Friday, November 13, 2009

Centre for Business and Research Receives $1 Million in EDA Funding

The U.S. Economic Development Administration says Owensboro's Centre for Business and Research will eventually create 50 jobs and generate $20 million worth of private investment in the community.

That's why the agency is pumping $986,000 into the center to buy wet lab equipment.

During a news conference at the center Thursday, U.S. Rep. Brett Guthrie said the community won the federal grant by "having the best idea" for how to spend the money.

"It was a competitive grant," he said. "Owensboro was competing against other cities."

High-tech companies "don't like stuffy office buildings," Guthrie said. "They like interesting buildings."

And the idea of using an old tobacco warehouse to, among other things, search for cures for cancer was intriguing to people in Washington, said Guthrie, a Bowling Green Republican.

The 37,000-square-foot brick warehouse at 1016 Allen St. was built in 1923 for the Southwestern Tobacco Co.

Daviess County Judge-Executive Reid Haire said the city has invested $2.5 million in the center and the county has put up $500,000. With the federal money for the wet labs, the project is already approaching $4 million.

And Haire said he's hoping the state will also come up with some financial support for the center.

Madison Silvert, vice president of the Greater Owensboro Economic Development Corp. and executive director of its eMerging Ventures Center for Innovation, said the first two tenants -- Dalisha's Desserts and Hollison Technologies -- should be moving into the building by the end of December or early in January.


He said he's also working with two other possible tenants and hopes to have announcements about them soon.

Silvert said the estimate of 50 jobs and $20 million in private investment is based on a similar facility in Bowling Green.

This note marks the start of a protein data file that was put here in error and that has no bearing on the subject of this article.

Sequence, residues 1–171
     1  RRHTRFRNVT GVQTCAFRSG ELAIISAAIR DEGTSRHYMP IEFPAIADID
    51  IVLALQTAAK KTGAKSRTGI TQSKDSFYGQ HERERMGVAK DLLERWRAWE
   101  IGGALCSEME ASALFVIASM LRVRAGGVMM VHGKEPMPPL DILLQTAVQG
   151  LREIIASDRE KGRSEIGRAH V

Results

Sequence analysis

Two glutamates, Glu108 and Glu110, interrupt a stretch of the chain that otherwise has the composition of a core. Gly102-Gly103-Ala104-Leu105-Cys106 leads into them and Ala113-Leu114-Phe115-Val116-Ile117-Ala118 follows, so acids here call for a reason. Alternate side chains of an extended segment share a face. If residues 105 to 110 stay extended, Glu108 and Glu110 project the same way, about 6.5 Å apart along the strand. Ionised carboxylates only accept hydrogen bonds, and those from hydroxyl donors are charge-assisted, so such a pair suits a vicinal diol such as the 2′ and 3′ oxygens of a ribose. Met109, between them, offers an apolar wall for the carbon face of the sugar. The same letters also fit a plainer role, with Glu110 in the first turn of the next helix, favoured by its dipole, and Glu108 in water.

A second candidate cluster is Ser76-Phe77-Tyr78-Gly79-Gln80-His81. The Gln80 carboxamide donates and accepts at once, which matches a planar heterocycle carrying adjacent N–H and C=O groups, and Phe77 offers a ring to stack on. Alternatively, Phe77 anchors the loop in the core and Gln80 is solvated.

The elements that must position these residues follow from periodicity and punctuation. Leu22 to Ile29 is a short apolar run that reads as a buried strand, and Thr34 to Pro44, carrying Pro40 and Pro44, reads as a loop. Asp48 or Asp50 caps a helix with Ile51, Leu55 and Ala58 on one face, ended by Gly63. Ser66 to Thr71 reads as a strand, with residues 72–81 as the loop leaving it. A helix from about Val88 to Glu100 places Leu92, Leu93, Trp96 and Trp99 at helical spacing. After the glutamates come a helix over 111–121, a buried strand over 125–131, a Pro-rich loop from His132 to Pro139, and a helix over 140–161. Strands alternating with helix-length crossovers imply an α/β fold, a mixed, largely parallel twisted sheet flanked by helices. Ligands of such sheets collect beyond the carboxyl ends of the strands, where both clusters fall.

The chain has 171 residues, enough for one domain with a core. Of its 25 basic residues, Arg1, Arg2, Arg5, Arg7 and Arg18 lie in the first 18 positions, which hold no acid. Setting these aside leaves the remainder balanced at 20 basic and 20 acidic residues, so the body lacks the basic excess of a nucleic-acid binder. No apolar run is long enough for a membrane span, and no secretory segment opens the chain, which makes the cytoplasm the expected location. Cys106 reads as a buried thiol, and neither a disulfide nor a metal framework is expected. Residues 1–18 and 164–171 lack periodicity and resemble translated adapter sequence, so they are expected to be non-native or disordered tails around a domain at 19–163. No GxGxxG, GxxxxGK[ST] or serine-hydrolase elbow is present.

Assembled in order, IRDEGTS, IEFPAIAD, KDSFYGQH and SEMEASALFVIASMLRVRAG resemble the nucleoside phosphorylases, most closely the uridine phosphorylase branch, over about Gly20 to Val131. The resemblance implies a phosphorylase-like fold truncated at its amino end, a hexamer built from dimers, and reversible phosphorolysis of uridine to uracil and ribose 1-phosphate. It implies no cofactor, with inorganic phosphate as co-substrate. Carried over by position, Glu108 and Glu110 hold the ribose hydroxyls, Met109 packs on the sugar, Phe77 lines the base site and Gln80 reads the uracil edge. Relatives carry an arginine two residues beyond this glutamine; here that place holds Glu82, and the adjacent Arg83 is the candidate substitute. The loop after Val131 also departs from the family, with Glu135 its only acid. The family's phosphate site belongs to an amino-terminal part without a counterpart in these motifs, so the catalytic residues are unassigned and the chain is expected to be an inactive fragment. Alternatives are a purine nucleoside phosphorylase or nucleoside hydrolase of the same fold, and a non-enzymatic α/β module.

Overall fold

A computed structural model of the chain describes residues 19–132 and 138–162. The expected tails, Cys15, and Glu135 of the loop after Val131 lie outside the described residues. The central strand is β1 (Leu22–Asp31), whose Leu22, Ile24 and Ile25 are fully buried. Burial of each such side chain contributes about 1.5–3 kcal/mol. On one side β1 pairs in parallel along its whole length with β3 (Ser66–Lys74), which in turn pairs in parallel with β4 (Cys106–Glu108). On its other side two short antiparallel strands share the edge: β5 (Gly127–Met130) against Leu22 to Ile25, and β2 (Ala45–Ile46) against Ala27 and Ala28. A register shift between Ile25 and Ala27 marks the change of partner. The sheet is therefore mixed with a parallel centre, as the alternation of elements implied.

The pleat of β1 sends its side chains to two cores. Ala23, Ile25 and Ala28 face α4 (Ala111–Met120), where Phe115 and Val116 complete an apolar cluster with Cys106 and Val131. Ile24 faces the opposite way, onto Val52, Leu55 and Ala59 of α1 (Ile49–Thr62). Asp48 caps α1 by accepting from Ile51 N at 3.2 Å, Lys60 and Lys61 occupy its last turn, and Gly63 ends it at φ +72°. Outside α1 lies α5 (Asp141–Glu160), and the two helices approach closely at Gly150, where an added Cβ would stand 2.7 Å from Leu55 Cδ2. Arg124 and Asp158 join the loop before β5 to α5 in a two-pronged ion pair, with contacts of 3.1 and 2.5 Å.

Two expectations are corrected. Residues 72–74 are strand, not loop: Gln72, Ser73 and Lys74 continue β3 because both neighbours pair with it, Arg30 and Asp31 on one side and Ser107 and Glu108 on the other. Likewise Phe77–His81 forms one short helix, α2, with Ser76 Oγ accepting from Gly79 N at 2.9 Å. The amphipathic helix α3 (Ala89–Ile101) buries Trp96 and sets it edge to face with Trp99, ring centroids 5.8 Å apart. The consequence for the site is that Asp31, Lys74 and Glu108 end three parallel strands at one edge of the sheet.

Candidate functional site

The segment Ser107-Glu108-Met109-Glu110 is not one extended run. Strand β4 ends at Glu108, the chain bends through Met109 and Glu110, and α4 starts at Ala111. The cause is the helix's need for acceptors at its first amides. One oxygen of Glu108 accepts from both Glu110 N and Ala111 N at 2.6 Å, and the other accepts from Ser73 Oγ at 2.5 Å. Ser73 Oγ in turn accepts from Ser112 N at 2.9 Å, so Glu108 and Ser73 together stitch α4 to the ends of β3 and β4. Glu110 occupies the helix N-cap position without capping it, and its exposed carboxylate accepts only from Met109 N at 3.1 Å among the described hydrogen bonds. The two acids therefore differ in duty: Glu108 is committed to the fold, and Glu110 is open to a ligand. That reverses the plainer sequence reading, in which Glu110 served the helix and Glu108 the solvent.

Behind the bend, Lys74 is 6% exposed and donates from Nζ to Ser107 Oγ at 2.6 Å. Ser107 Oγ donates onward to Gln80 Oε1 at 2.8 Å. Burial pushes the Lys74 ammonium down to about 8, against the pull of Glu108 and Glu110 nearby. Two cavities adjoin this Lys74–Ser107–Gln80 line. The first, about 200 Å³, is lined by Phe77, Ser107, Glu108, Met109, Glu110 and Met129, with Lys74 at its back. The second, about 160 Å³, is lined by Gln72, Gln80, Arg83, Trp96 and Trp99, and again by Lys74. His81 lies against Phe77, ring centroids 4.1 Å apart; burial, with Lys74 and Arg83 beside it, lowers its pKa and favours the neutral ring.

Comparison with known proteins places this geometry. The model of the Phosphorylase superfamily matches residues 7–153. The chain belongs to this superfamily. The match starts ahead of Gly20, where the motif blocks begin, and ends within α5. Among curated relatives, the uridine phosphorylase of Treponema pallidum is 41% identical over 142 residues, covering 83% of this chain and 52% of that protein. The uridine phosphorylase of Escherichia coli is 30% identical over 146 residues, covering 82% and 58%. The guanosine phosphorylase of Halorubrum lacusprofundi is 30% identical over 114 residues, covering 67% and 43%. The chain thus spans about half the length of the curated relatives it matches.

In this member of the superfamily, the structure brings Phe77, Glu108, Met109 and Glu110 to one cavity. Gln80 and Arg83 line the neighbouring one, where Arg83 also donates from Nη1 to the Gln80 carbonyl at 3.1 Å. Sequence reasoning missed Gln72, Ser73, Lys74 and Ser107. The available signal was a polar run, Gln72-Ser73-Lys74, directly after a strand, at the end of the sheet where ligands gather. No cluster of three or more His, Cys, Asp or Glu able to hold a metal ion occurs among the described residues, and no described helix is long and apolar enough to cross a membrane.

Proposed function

He said EDC has set a goal of having 10 companies in the center within three years.

"I think things will really pick up after we go to the BIO International Convention in Chicago in May," Silvert said.

The wet labs, to be funded by federal dollars, should be ready to open by February, he said.

"No startup company could afford some of the equipment we'll have in the wet labs," Silvert said. "Without this grant, they would have to go somewhere for the equipment."

EDC actually has a list of $1.9 million in lab equipment that it wants for the center.

The list of 60 items needed for the wet lab includes a $300,000 mass spectrometer, two $10,000 microscopes with cameras, two $8,000 biological safety cabinets, two $12,000 freezers that cool to 80 degrees below zero and $60,000 worth of general laboratory equipment.

The wet labs make it more likely that some high-tech startup companies will locate in Owensboro, Silvert said.

The federal money comes from a pot allocated to communities that had severe damage from Hurricane Ike in September 2008. Guthrie said the idea is that while such communities were spending time and money on recovery, they fell behind on economic development.

Although the announcement was made Thursday in Owensboro, the EDA actually announced it in Washington back in September.

An announcement for the week of Sept. 18-25 says the Owensboro grant was one of 69 EDA investments of more than $100,000 during the week.

The grants totaled $104.8 billion for projects totaling $170.2 billion.

Henderson received a $921,000 grant from the EDA that week for dredging and widening the North Branch of Canoe Creek.

Malcolm Bryant, who owns the tobacco warehouse and is renovating it for the project, said the building will be unique to Kentucky. He expects it to attract a lot of attention.

The center will include research space for biotech companies as well as office space for a "business accelerator," a place where new businesses can rent as much space as they need until they're ready to move out on their own.

Bryant said he's expecting approximately 20 tenants when the building is full.

Silvert said he expects several of the companies to grow large enough to move out into other office buildings in the community and make space for newer companies.

Keith Lawrence, 691-7301, klawrence@messenger-inquirer.com